The museum was staffed entirely by French Asians. I have no idea why this was but they were rather cross and refused to give us the head sets for the audio tour because we only had an hour left before the museum closed. I explained probably three times that I understood that we had an hour left but we would still like to listen to the audio tour as long as we could. The lady at the counter very begrudgingly handed them over.  While we had to skip over quite a lot of the commentary, we finished in an hour. I would say that if you listen to the whole tour, it would take 2-3 hours to get through the whole thing, even though there are maybe a dozen rooms. As I said, it’s very detailed. If you are a fan of decorative arts and antiques, this would be Heaven for you. Not only is there a tour describing each room, but lots of objects in the room have a separate number on the audio guide so you can hear an explanation of each object as well.

The Nissim Commondo house backs up to a lovely park called the Parc Monceau. Many of the parks in Paris are like the gardens at Versailles: very formal. Lots of trimmed hedges, wide gravel paths and very well kept grass. In several of the parks you aren’t even allowed on the grass, you may only sit on the benches.  Parks are always jammed with people. Of course we were there when the weather was absolute perfection; I imagine there aren’t a lot of people out when there’s icy rain.  But really, the parks are just jammed with people lying around on the grass. This seemed a bit odd to me until I thought about how small people’s apartments are. If you live in a tiny flat and want to get together with a bunch of friends and hang out you have very few options: one is restaurants and one is parks.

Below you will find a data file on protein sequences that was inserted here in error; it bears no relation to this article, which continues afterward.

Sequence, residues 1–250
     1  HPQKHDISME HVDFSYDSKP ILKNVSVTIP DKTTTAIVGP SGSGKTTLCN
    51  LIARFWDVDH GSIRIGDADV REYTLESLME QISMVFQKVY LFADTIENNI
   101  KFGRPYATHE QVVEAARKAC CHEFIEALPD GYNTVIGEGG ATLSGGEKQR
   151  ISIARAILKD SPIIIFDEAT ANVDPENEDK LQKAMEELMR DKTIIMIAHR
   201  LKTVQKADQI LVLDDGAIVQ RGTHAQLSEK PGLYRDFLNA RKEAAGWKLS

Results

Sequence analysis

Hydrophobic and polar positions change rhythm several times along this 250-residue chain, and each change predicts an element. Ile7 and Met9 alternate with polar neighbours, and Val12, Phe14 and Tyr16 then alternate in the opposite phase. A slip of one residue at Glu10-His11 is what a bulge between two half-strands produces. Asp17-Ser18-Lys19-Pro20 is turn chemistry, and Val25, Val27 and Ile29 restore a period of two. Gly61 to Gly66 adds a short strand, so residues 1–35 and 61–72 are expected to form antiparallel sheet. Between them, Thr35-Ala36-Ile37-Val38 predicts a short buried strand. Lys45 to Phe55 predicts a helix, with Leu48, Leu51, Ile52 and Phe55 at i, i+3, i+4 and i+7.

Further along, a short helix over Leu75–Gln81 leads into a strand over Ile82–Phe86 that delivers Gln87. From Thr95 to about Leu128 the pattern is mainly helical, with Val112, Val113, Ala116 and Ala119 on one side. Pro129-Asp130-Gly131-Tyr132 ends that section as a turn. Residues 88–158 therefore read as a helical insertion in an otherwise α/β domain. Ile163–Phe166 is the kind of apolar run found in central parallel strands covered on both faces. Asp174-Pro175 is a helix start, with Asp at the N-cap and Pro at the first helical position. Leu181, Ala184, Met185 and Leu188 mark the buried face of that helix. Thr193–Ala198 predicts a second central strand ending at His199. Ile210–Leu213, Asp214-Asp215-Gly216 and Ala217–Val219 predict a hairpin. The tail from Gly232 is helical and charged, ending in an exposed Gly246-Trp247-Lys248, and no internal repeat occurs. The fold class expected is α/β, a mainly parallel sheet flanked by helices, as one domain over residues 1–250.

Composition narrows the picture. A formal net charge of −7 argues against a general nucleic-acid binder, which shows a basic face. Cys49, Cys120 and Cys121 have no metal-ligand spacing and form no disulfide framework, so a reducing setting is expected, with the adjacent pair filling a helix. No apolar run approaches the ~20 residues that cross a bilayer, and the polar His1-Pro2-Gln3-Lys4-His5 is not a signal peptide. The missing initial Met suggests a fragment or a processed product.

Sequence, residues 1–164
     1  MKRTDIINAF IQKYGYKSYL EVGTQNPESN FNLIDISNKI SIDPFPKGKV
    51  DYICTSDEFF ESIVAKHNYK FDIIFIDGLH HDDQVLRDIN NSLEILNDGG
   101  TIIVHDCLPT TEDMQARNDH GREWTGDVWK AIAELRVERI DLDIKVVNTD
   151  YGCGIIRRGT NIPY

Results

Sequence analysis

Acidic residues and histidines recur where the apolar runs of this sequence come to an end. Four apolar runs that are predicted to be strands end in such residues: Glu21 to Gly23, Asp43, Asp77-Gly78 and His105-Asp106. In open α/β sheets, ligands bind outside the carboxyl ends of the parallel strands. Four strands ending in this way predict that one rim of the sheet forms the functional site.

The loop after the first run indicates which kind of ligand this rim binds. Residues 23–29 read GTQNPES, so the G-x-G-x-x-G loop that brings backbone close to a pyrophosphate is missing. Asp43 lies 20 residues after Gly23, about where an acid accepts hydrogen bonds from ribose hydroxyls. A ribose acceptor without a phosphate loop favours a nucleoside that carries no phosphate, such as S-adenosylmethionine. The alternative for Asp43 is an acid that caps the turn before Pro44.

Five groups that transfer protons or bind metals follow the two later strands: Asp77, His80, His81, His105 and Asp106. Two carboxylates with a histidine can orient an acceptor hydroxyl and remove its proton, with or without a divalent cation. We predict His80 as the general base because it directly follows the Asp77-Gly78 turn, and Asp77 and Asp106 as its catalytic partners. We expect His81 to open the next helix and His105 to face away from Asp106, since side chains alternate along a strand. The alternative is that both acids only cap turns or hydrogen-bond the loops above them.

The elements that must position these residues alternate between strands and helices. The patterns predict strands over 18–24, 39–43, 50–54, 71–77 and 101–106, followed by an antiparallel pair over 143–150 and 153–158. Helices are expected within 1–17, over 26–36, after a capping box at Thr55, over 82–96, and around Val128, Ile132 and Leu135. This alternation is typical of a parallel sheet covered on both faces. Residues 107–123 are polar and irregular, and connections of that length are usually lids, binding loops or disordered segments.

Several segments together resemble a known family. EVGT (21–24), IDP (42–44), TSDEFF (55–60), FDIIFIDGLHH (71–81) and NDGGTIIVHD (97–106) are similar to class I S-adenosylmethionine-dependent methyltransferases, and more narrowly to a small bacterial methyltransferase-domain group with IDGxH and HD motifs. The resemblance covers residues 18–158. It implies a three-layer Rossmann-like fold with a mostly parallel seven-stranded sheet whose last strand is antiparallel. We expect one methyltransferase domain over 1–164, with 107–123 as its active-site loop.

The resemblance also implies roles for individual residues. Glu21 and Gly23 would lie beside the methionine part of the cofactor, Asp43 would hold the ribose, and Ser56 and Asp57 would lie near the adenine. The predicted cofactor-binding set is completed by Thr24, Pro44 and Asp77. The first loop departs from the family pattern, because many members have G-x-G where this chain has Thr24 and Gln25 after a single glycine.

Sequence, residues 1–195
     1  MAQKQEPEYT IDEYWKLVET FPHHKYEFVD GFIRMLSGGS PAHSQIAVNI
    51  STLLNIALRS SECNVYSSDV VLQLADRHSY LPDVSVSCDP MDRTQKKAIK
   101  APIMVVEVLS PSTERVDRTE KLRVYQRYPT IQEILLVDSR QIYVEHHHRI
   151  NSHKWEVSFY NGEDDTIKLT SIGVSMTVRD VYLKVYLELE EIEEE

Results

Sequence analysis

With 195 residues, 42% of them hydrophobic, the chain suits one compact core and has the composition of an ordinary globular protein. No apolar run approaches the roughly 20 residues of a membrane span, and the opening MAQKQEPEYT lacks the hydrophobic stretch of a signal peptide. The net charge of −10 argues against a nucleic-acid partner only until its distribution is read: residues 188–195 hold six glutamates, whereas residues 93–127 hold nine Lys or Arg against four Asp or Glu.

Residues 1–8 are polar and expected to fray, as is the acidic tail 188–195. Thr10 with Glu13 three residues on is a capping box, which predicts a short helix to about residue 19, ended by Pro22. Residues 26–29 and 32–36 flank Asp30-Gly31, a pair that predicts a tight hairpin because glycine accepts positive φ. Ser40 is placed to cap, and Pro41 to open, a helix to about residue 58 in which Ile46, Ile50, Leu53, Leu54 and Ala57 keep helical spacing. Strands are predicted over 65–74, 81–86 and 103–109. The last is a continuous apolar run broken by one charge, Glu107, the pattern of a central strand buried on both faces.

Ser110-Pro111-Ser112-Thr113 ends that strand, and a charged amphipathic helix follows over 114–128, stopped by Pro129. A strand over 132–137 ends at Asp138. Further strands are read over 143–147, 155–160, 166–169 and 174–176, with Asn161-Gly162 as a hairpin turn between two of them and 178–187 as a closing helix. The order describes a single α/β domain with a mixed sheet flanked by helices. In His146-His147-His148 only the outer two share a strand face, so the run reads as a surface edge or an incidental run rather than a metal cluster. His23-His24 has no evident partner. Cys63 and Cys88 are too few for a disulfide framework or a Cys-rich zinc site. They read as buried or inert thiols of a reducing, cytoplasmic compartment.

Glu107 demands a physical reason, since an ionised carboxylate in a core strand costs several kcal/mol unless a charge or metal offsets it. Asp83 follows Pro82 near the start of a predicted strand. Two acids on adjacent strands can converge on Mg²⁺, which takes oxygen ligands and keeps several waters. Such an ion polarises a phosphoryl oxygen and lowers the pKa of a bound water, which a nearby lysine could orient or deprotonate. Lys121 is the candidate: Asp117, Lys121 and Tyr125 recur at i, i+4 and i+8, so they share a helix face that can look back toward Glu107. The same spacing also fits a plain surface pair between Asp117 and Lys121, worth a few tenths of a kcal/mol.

The Parc Monceau is the kind of Park that English and American people are familiar with: rolling grassy hills, a playground, a few pretty statues here and there and much less formality. There were mobs of families and young people all over the place. Children were having pony rides, there were a couple of games of frisbee and catch but most everyone was interested in talking and basking in the glorious sun. I had a hard time adjusting to the fact that I could sprawl out without worrying about fire ants (Texas, this is your biggest flaw!)

Parc Monceau